Carlos Watson resigned as a corporate director of NPR on Friday after the spectacular public meltdown of the digital media company that he leads and co-founded. The governance committee of NPR's corporate board had been set to meet later in the day to determine Watson's future with the public radio network.
In recent days, Watson and his company, Ozy, have been accused of misleading the public, advertisers and investors about the buzz-hungry outlet and its performance.
Watson, who was appointed to NPR's board in 2016, had just been reelected to a second three-year term, which had been set to begin next month. His resignation came Friday in a letter to the chairman of NPR's board, LaFontaine Oliver, who is the president of NPR Baltimore member station, WYPR.
"Earlier today, Carlos Watson submitted his resignation from the NPR Board of Directors. I have accepted his resignation on behalf of the Board. Mr. Watson's resignation is effective as of today," Oliver said in a statement.
Since Sunday, when The New York Times ran an expose on the company, Watson's claims about the digital traffic at the millennial-focused outlet have come under withering scrutiny. The figures Watson and Ozy cited for the audiences of its website, newsletter and social media platforms now look improbable or artificially inflated.
Claims of success wither under scrutiny
Watson repeatedly claimed a talk show he hosted was Amazon Prime's first. But it wasn't done in partnership with Amazon Prime at all, just uploaded to its platform. Ozy executives told television producers hired by the firm that they were working on a series to air on A&E Television Networks. They weren't. Watson told CNBC viewers that he had landed Ozzy and Sharon Osbourne as investors after a dispute over the use of the name Ozy. He hadn't. What appeared in promotional materials to be praise for Ozy and Watson from other news outlets such as the Los Angeles Times and Deadline turned out to be quotations of what Ozy had itself said.
And the site's claims of being "ahead of the curve" on identifying rising stars such as Democratic Rep. Alexandria Ocasio-Cortez of New York and Daily Show host Trevor Noah have unraveled as well.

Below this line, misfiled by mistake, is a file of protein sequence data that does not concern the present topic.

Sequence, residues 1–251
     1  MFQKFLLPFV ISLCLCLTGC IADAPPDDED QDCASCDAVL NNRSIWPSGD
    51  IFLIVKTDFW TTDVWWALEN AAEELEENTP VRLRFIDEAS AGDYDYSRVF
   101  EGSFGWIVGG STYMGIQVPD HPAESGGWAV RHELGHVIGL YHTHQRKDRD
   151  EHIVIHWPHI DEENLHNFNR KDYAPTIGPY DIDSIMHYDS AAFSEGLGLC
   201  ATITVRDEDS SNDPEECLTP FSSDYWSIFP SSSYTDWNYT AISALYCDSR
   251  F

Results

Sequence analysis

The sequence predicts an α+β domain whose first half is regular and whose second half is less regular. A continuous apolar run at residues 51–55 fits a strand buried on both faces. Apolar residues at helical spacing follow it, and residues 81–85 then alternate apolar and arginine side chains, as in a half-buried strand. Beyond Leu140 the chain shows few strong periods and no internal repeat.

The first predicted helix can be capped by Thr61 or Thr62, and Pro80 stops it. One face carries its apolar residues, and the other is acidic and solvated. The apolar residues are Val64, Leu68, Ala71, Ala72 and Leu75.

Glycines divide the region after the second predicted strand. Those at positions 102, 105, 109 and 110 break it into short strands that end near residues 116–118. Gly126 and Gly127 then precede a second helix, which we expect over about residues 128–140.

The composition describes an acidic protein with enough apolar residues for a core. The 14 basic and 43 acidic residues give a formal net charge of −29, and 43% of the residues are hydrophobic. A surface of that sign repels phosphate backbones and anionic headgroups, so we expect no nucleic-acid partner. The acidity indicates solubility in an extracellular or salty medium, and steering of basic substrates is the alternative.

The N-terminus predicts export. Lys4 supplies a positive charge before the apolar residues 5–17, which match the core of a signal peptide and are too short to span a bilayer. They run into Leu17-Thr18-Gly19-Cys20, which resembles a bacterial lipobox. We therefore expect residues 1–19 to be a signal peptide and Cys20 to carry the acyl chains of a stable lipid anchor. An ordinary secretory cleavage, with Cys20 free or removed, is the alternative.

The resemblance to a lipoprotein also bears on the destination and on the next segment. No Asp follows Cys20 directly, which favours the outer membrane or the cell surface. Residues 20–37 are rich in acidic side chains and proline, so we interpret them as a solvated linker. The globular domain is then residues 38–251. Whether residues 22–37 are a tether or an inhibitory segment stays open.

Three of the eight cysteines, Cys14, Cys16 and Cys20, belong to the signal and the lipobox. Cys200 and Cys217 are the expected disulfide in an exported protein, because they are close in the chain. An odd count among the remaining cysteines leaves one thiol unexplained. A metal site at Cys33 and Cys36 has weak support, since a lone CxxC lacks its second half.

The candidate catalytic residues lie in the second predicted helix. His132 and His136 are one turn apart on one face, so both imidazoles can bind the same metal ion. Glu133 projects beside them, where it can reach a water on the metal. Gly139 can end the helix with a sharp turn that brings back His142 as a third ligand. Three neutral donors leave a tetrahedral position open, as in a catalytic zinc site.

Perhaps most strikingly, The New York Times alleged that Ozy's co-founder and chief operating officer, Samir Rao, impersonated a YouTube executive in a conference call with Goldman Sachs earlier this year as the firm prepared to make a $40 million investment into Ozy.
That YouTube executive, contacted by Goldman Sachs officials who became suspicious that they had heard a computer-altered voice, denied any knowledge of the meeting. In explanation, Watson said in a statement shared publicly that Rao had a mental breakdown and took a leave from the firm but returned.
Watson depicted the episode as showing Ozy's compassionate response to a colleague in pain. Rao has made no public comment to NPR or to other news outlets confirming his actions or his health. Google, which is YouTube's parent company, referred the matter to the FBI for possible investigation into whether there was criminal behavior, given the deceit in presentation to potential investors. It is not clear whether the FBI has launched a formal investigation.
Goldman Sachs never invested, but the digital media outlet has since drawn others to infuse money in a fresh round of investments.
Investors and others quit on Ozy
Over the past four days, the Ozy board has commissioned its own investigation of the company's business practices to be conducted by an outside law firm. Major investors have distanced themselves, including the German media giant Axel Springer, which owns Politico and Business Insider. The chairman of Ozy's board, the billionaire investor Marc Lasry, resigned on Thursday, saying in a statement shared with NPR that the company needed someone better suited to handling crisis. A top editor, former BBC anchor Katty Kay, was among Ozy journalists who also resigned.
Watson, a graduate of Harvard and Stanford Law School who had a brief stint at Goldman Sachs, is a charismatic figure. After dabbling in politics, he did some work on the air for MSNBC and CNN. He has declined to comment to NPR News this week, despite his position on the nonprofit network's corporate board.
In 2013, Watson and Rao launched Ozy, promising a millennial-driven, multiplatform media outlet that would puncture the chatter to find news that mattered to younger, more demographically diverse audiences. Ozy started with money from the billionaire philanthropist and investor Laurene Powell Jobs and continued to attract financial backers even as large audiences eluded him.
His appointment to the board followed a collaboration between NPR and Ozy. For the better part of a year, starting in the summer of 2013, Watson appeared regularly on Weekend All Things Considered and some of his site's articles were crossposted on NPR.org.
In his first appearance under this partnership, Watson invoked the inspiration for his company's name, the poem "Ozymandias," by Percy Bysshe Shelley.
"I've always interpreted it as, 'Think big but be humble,' lest you end up two vast and legless trunks, right?" Watson told then-NPR host Arun Rath. "Our ambition is to help people see more and be more, introduce them to the new and the next, but make sure that while they're thinking about those big ideas that they're a little bit humble about it."
Shelley's poem can be taken as a rumination on impermanence. Shelley writes of a statue of Ozymandias bearing a legend that he is the "King of Kings," yet as the statue turns to rubble in the desert, he notes that "the lone and level sands stretch far away."
Disclosure: This story was reported by NPR media correspondent David Folkenflik and edited by NPR media and technology editor Emily Kopp. Because of Watson's role on NPR's board, no senior news executive or corporate official at NPR reviewed this story before it was published.
Google is a financial supporter of NPR.